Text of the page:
Moving with the speed and aplomb that has characterized Bill Gates’ business ventures, the Bill & Melinda Gates Foundation already is making its presence felt since it launched its education initiative in March.

In just a few months, the foundation has distributed some $21 million of the $100 million it has committed to support technology leadership programs for school principals and superintendents. In addition, the foundation has given another $1 million to the International Society for Technology in Education (ISTE) for the creation of an educational technology research center.

On May 31, Mississippi became the seventh recipient of a State Challenge Grant, a program that eventually will provide $100 million to support leadership development programs for school principals and superintendents. Mississippi’s $1.1 million will pay to send more than 300 school administrators to the state’s newly created Technology Academy for School Leaders.

North Carolina ($2.95 million), Rhode Island ($1.28 million), Texas ($6.3 million), Florida ($5.5 million), Illinois ($2.25 million), and Indiana ($1.8 million) also have received funds under this program, and all other states are encouraged to apply.

The grants support ongoing projects that demonstrate broad-based leadership and support. For example, the $6.3 million grant made in Texas will go toward the state’s Technology Leadership Academy to expand a program that already has provided training to more than 400 Texas superinten- dents.

“We’ll make grants to every state that meets our guidelines of demonstrated leadership development programs that contribute to improvement of the whole education system,” said Tom Vander Ark, education executive director of the Gates Foundation. “We believe that technology can play a significant role in that type of improvement.”

Vander Ark, the former superintendent of the Federal Way School District in Washington, said he heard the same thing over and over again when quizzing educators, parents, government officials, private industry, and others to determine the best way to invest the foundation’s money: Leadership is the key to using technology to transform education.

“Managers ensure consistent results within a known framework,” said Vander Ark. “Leaders, on the other hand, change things that need to be changed—and we’re living in a time of dramatic changes to the basic rules that define the scope and purpose of schools.”

Vander Ark listed four primary ways in which schools have changed and continue to evolve today:

• Students are being held to new, higher standards of achievement;

• Technology has become accessible to almost all students;

• Children come from more diverse backgrounds; and

• The private sector has realized that for-profit education has huge potential.

“Schools are having a hard time adjusting to those changes,” said Vander Ark. “Part of the problem is that they’re simply not designed to help all kids be successful. They are much better at sorting out the bright, compliant kids who will go on to postsecondary educations and into the professions.”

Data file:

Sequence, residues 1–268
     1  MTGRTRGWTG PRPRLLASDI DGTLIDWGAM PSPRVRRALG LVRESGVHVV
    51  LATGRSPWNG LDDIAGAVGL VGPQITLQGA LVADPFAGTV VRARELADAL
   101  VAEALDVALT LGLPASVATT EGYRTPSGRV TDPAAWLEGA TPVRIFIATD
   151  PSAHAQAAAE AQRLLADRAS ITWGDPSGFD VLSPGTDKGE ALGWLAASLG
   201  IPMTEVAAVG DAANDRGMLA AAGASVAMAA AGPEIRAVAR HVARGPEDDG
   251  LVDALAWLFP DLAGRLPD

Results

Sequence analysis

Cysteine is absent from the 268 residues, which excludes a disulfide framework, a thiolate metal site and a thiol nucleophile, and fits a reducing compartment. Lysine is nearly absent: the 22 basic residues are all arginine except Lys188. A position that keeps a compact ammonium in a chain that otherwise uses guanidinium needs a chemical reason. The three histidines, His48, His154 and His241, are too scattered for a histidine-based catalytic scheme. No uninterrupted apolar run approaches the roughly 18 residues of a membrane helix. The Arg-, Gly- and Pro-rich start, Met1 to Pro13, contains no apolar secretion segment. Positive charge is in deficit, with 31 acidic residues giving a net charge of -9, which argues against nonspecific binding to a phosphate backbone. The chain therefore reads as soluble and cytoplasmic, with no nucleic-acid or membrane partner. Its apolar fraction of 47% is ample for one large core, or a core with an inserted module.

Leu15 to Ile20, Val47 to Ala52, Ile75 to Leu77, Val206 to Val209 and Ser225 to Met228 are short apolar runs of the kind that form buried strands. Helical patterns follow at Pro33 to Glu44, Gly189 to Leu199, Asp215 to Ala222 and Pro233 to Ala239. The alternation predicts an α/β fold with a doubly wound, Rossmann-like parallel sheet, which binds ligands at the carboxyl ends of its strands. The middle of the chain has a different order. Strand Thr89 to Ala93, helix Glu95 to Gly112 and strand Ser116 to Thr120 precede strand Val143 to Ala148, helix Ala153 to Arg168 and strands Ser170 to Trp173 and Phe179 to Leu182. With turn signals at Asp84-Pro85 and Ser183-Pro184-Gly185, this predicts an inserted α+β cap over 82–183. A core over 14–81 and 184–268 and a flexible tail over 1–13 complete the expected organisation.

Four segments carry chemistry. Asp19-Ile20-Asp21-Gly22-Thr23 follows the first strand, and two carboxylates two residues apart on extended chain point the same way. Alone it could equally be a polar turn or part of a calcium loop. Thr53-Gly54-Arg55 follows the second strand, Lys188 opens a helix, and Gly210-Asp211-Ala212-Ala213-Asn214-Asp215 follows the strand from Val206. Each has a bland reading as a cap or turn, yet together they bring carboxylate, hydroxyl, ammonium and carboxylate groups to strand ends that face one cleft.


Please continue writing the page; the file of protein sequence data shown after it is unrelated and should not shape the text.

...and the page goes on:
Leaders are needed to work with all students to help them achieve, and the Gates Foundation believes that technology can play a crucial role in that process.

“Technology offers a wonderful new world of opportunities in school design and curriculum development,” Vander Ark said. “The problem is that for 20 years, we’ve just layered technology on top of the old design in a very thin layer. Then, when we haven’t even tied in technology training for classroom educators, we’ve reached a point where we just haven’t deployed technology in a way that can make a difference.”

New ed-tech research center

To help school leaders make that difference, the Gates Foundation also donated $1.05 million to ISTE on May 23 for the creation of a national ed-tech research center, called the Center for Applied Research in Educational Technology (CARET).

An internet-based technology and education research portal, CARET will provide educators, superintendents, and policy makers with up-to-date, research-based information on teaching and learning with technology. The portal will be a tool for classroom instruction and educational practice as it emerges nationally and, eventually, globally.

“The CARET project will translate research language into plain English, so that valuable knowledge can be put to use helping all students achieve,” said ISTE’s chief executive, John Vaille.

“With CARET, educators will have access to research for planning, procurement, and implementation of technology in America’s schools,” said John Cradler, president of Educational Support Systems, a partner in the development of the web site. “CARET will also help to determine areas needing further study in the field of [ed-tech] applications.” n

Links:

Bill & Melinda Gates Foundation, P.O. Box 23350, Seattle, WA 98102; phone (206) 709-3100, web http://www.gatesfoundation.org.

International Society for Technology in Education, 480 Charnelton Street, Eugene, OR 97401; phone (800) 336-5191, eMail iste@iste.org, web http://www.iste.org.